The Iran nuclear deal and its impact on US domestic politics

Published 04.04.2015 01:03
Updated 04.04.2015 01:04
The Iran nuclear deal and its impact on US domestic politics

Although the nuclear talks conducted between the P5+1 and Iran were endorsed by the Obama administration from the very beginning, parts of U.S. Congress under the influence of Israel, do not hide their objections against the agreement

The P5+1 and Iran reached a deal yesterday on the Iranian nuclear program after very challenging processes and long negotiations between the parties. However, despite this deal, there are still significant challenges ahead for the parties in reaching a final agreement and the implementation of it. One of the potential difficulties lies in the domestic politics of the U.S., especially in the context of the tension between President Barack Obama and Congress.

As we all know, while the round of negotiations were going on, U.S. Congress prepared a new sanctions package against Iran that Obama threatened to veto during his State of the Union speech last January. After this, Republicans in the Senate and House of Representatives made another move and invited Prime Minister Netanyahu of Israel, who opposed the possibility of such an agreement between the U.S. and Iran from the very beginning, to deliver an address to the joint session of the two chambers. Of course everybody already knew what would be the agenda of Netanyahu in his speech. Following this speech, which created a significant rift between the U.S. and Israel and was very quickly dismissed by the Obama administration, Republican members of the Senate this time did something that is not very common in U.S. foreign policy and wrote a letter directly to the leadership of Iran. The letter, signed by 47 Republican senators, basically warned the Iranian leadership that without an agreement that they would be able approve, the deal between Iran and the U.S. would be finished with a single order from the next president. This letter, in addition to the rift between the executive and the legislature also demonstrated that there is serious political polarization between Democrats and Republicans in regard to reaching a deal with Iran over nuclear issues.

Senate Republicans demand the agreement be ratified by the Senate and be considered an international treaty, whereas the White House will probably go ahead and bypass the Senate at this point by naming it as an executive agreement. Some former presidents adopted this solution before, naming deals as executive agreements. However, after this tentative deal with Iran, the White House may try to convince Congress about this deal. An important reason of it is related to a recent Pew poll that shows that more Americans think that the Congress should have the final authority for approving the deal. The poll showed important findings about this issue. First of all, according to the poll, "more Americans approve (49 percent) than disapprove (40 percent) of the United States negotiating directly with Iran over its nuclear program." This shows important support for the Obama administration to pursue the deal. However, despite this support, the public remains deeply skeptical about the seriousness of Iranian leaders about implementing such an agreement. According to the poll, again, "Among those who have heard at least a little about the situation, 63 percent say Iranian leaders are not serious about addressing international concerns, compared with 27 percent who say they are. These opinions have not changed significantly since late 2013." Another significant finding of the poll is that the public predominantly thinks that Congress should have the final say in the agreement: "More say Congress (62 percent) than President Obama (29 percent) should have the final authority for approving any nuclear agreement between the U.S. and Iran." These numbers also show that if a final agreement is signed in July, the agreement will have serious ramifications during the presidential primaries of both parties next year and finally, the presidential race between Democrats and Republicans. All of the potential Republican candidates from the Senate were the signatories of the letter written to the Iranian leadership about the nuclear agreement. Hillary Clinton, however, who is probably the frontrunner among the potential Democratic presidential candidates, criticized the letter and said: "Either these senators were trying to be helpful to the Iranians or harmful to the commander-in-chief in the midst of high-stakes international diplomacy. Either answer does discredit to the letter's signatories."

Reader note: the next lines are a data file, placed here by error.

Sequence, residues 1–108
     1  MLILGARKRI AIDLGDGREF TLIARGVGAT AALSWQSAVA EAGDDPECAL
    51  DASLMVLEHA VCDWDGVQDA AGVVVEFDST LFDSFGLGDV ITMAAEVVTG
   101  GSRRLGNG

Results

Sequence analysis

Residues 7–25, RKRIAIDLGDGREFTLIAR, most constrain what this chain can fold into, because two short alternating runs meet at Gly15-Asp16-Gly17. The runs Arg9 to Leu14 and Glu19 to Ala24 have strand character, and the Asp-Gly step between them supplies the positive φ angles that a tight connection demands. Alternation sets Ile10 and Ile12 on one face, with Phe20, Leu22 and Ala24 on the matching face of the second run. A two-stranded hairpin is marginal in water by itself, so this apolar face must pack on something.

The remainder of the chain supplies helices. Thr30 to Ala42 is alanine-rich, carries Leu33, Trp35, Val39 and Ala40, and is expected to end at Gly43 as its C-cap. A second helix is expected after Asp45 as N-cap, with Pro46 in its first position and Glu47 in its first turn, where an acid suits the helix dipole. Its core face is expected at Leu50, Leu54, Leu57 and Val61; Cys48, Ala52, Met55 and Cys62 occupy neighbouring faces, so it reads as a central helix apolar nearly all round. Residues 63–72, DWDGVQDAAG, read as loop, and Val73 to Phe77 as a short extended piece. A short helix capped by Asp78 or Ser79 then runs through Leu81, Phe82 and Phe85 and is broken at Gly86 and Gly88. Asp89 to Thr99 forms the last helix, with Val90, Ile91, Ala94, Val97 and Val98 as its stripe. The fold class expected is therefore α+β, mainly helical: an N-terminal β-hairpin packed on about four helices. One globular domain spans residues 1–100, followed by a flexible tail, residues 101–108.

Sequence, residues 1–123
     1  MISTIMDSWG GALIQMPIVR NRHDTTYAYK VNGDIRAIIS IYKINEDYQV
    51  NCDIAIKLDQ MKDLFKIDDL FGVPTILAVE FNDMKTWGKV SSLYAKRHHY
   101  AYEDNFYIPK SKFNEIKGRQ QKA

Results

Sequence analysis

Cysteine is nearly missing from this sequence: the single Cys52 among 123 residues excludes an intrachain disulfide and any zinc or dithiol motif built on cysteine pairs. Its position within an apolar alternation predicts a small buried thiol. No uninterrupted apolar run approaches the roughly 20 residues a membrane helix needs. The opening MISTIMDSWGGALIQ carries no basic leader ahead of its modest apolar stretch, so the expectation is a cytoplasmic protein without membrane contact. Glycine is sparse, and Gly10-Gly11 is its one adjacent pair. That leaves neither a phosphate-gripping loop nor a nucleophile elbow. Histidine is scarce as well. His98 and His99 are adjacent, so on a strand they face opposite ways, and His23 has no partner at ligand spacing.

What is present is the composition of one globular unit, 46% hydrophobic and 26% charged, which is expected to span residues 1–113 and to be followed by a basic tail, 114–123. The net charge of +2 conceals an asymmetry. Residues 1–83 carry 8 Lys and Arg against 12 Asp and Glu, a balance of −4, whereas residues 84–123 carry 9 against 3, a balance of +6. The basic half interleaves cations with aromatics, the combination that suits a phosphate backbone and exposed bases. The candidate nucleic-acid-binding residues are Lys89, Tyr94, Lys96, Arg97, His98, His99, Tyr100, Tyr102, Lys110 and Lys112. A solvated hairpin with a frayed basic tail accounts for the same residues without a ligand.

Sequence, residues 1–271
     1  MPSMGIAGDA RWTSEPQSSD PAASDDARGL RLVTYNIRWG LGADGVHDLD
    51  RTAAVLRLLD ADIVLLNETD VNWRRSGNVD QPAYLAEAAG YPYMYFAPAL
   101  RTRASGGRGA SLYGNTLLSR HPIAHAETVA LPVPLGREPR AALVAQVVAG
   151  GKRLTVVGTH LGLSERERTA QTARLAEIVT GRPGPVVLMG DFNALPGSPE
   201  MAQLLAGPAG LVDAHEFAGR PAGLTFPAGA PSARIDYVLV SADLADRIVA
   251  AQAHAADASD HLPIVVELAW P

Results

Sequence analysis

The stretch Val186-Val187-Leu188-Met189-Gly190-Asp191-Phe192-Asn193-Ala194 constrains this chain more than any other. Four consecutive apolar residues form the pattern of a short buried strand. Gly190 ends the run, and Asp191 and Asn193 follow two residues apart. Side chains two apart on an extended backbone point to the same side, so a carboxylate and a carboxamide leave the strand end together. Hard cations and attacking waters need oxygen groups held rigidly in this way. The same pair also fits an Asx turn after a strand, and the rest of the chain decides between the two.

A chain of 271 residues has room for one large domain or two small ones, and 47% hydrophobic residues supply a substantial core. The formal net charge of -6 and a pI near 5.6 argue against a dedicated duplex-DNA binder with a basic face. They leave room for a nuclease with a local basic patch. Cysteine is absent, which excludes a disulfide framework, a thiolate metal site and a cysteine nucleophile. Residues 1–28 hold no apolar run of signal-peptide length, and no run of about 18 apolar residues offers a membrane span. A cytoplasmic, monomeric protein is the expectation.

Of course this domestic political rift in the U.S. will also demonstrate itself during the implementation of the agreements, especially on the issue of the elimination of some of the economic sanctions against Iran in accordance with the final agreement. It would be a hard sell for Obama to convince Congress, which was planning to bring more sanctions on Iran during the negotiations, to remove some of these sanctions. Again, Obama can use a waiver to temporarily suspend these some of these sanctions, but it will be a temporary solution. Of course there is also a proposed legislation that would give a significant role for Congress to accept or reject removing the sanctions, and some Democrats also initially supported such a move to support the right of Congress to review the agreement. In fact, the deal between Iran and the U.S. can be the first step of a challenging process for the Obama administration.

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